Of course, prayer often has more to do with desperation than expectation. We pray, not necessarily because we expect God to answer our prayer, but because prayer is our last resort. We have done all that’s humanly possible, but it’s not enough. We turn to God when we are powerless. Caught on the ledge of the cliff.

And, indeed, it is wrong to make demands on God, as if he owes us something, as if we can boss him around. Expectancy of that kind is irreverent. Out of place.

So why did Gabriel’s statement take Zechariah by surprise? If I were guessing, I suppose Zechariah stopped praying for a son long ago. For years, he and his wife prayed for a son. Day after day, week after week, month after month, year after year.

But when no son was forthcoming, when Elizabeth was well past her child-bearing years, they got tired of praying. At least Zechariah did. He lost hope. He lost heart. He gave up. At that point prayer seemed futile. Mocking his inmost desire.

When Gabriel spoke to Zechariah, Zechariah had forgotten that worn-out prayer. Zechariah forgot about the prayer, but God had not forgotten. God remembered the prayer that Zechariah had long forgotten.

God answered his prayer. But what is more, God answered a forgotten prayer. Although Zechariah ceased praying, God never ceased hearing.

So Gabriel must remind Zechariah of his own long-forgotten prayer. For as Gabriel explains, these things come to pass in due time. God’s time.

Not all our prayers are answered. We frequently pray foolish prayers. Shortsighted. Misguided. To get whatever we ask for would be a curse rather than a blessing.

We pray for what we think is best, but the how and when are up to God. If he does answer a prayer, the timing and the circumstances lie with him, and often transpire in ways we could never foresee.

Zechariah asks how he can be sure. That question echoes the prologue, where Luke is writing Theophilus to inform and confirm him in the faith.

For the reader, it’s ironic to see a man questioning an angel. Demanding a sign. Demanding proof. For the angelic apparition is, itself, a sign from God!

This is the same angel who spoke to Daniel so many centuries before. The same angel who stands before the face of God.

Yet Zechariah is so blinded by years of aching, enervating disappointment–so blinded by his tiresome, predictable routine under the sun–that when something unpredictable occurs–when even an angel from heaven comes down to him and speaks to him–he finds it hard to break the spell of his ingrained, heartbroken pessimism. He doubts the indubitable.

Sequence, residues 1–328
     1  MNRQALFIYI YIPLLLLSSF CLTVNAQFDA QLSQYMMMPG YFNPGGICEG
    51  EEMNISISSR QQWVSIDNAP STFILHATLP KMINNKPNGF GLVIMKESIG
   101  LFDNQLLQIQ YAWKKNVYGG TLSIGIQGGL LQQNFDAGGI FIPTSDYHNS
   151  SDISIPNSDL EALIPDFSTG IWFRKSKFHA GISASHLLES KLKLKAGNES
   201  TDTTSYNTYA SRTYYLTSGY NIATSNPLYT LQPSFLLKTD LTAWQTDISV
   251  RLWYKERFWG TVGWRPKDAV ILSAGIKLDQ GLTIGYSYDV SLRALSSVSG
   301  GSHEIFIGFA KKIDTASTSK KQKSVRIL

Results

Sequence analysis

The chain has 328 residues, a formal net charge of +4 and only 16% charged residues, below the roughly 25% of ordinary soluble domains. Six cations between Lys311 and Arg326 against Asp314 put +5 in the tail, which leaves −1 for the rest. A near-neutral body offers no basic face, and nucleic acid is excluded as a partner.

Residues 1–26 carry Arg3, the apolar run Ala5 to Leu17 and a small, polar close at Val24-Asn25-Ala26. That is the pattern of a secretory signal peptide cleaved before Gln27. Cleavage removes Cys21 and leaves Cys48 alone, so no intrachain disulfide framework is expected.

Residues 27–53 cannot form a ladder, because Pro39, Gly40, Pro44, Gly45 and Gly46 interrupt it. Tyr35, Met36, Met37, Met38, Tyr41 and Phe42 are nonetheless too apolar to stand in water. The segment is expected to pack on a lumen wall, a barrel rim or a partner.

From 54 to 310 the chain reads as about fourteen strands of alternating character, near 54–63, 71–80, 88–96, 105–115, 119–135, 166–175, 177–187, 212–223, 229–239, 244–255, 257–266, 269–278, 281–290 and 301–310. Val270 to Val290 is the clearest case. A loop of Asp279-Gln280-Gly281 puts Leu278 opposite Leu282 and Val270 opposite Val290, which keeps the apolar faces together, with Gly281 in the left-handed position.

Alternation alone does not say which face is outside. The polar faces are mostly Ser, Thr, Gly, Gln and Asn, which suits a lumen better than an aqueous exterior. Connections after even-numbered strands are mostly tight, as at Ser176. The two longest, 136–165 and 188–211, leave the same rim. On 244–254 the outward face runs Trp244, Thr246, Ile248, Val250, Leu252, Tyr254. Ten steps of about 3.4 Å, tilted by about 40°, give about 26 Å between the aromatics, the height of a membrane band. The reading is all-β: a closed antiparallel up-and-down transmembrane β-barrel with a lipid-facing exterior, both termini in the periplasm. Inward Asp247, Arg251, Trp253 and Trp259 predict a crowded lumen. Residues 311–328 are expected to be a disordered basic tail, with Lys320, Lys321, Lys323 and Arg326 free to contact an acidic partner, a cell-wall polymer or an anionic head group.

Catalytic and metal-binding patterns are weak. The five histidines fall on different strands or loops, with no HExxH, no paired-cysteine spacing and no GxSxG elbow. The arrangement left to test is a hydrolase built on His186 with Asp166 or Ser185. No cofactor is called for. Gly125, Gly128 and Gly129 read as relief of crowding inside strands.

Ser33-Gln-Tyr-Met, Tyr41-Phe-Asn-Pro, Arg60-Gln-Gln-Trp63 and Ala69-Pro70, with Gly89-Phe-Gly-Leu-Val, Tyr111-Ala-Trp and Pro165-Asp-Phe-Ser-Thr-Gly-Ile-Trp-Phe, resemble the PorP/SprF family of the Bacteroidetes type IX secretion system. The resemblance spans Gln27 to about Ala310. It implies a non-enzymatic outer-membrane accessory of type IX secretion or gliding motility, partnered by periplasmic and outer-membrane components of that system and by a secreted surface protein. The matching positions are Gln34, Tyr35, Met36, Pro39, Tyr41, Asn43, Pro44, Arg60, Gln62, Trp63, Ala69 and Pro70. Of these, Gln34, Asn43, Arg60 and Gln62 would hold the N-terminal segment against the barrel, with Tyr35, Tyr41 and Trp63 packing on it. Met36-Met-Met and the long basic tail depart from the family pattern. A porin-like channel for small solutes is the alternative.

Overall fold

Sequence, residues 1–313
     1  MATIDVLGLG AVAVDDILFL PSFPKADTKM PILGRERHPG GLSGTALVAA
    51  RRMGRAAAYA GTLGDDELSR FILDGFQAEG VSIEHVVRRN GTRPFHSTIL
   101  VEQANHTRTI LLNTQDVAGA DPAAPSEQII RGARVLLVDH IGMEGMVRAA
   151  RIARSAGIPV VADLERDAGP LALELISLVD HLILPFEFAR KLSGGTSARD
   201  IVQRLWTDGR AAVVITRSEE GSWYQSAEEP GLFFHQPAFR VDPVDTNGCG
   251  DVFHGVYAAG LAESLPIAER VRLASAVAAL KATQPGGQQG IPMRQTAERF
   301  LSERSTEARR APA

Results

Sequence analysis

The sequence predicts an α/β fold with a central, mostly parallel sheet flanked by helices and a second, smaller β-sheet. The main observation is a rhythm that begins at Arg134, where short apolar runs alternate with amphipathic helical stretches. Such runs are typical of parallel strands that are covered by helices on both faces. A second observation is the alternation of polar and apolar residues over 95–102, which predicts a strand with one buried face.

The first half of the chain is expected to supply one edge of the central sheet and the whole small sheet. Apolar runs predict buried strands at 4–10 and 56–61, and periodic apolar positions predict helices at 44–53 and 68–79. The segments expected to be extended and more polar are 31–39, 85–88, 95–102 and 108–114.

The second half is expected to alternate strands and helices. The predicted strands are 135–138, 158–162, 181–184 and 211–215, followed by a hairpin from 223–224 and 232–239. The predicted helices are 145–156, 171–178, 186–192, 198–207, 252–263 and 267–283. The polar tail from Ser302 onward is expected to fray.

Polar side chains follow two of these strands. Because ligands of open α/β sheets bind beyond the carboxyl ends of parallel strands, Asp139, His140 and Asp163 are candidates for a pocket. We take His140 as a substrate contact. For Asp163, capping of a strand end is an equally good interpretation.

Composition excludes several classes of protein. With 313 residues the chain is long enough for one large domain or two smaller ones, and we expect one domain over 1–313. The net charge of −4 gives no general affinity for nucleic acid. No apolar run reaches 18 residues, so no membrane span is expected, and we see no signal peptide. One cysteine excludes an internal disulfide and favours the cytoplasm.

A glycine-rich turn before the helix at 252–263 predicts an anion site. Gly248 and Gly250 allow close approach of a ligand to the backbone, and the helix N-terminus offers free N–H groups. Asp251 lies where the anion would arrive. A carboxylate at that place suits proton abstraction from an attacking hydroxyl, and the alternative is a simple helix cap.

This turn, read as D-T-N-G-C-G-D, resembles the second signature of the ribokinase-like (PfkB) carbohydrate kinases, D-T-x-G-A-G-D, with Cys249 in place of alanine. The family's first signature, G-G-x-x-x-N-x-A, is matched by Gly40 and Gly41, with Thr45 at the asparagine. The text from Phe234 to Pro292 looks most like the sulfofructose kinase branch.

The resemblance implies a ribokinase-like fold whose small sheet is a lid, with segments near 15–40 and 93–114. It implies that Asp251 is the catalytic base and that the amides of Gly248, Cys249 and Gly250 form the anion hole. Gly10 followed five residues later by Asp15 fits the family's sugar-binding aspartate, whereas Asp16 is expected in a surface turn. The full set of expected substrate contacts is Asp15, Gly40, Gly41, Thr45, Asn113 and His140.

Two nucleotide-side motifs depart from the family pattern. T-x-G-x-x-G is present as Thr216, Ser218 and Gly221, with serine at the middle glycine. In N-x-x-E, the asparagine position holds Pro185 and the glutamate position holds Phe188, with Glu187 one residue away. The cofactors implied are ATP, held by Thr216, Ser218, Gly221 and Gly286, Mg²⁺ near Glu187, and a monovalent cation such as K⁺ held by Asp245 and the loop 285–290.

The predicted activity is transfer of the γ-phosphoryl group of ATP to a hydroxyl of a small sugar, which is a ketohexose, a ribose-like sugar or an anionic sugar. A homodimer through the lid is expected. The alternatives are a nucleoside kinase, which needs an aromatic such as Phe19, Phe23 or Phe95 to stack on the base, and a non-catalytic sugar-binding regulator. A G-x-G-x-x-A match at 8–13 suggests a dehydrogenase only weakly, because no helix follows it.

And this from a man of faith. A man of God. A true believer. Zechariah is not an unbeliever. Not a nominal believer. Not like those who fell in the wilderness.

But like a tree in winter, he has withdrawn into a subsistent spiritual existence to survive the bitter conditions. He never lost his enduring faith in God. But he lost his youthful joy in the Lord. The birth of John will restore his joy. Bring light and delight to a battle-weary saint.


Like Zechariah of old, what sustains us in the yawning, pale gray stretches of our journey are the rare and unforeseeable, yet tiny timely glimpses of eternity. Like dappled moonlight, broken by the overhanging trees, we walk in alternating pools of light and shade. When we seem to be lost in the dark, a white beam of starlight, piecing the wind-blown branches, momentarily illuminates the blackness ahead. Then the breeze blows again, and the path darkens again. Darkens behind us, after we pass.


Thank you, Father, for remembering our unremembered prayers. For answering us long after we cease to ask, or hope, or dare.

Thank, you, Father, that nothing happens by chance. For each uneventful thread, in our little lives below, is woven into the surpassing tapestry of your eternal plan for the saints in glory.

By the love of God, the grace of Christ, and the fellowship of the Holy Spirit. Amen.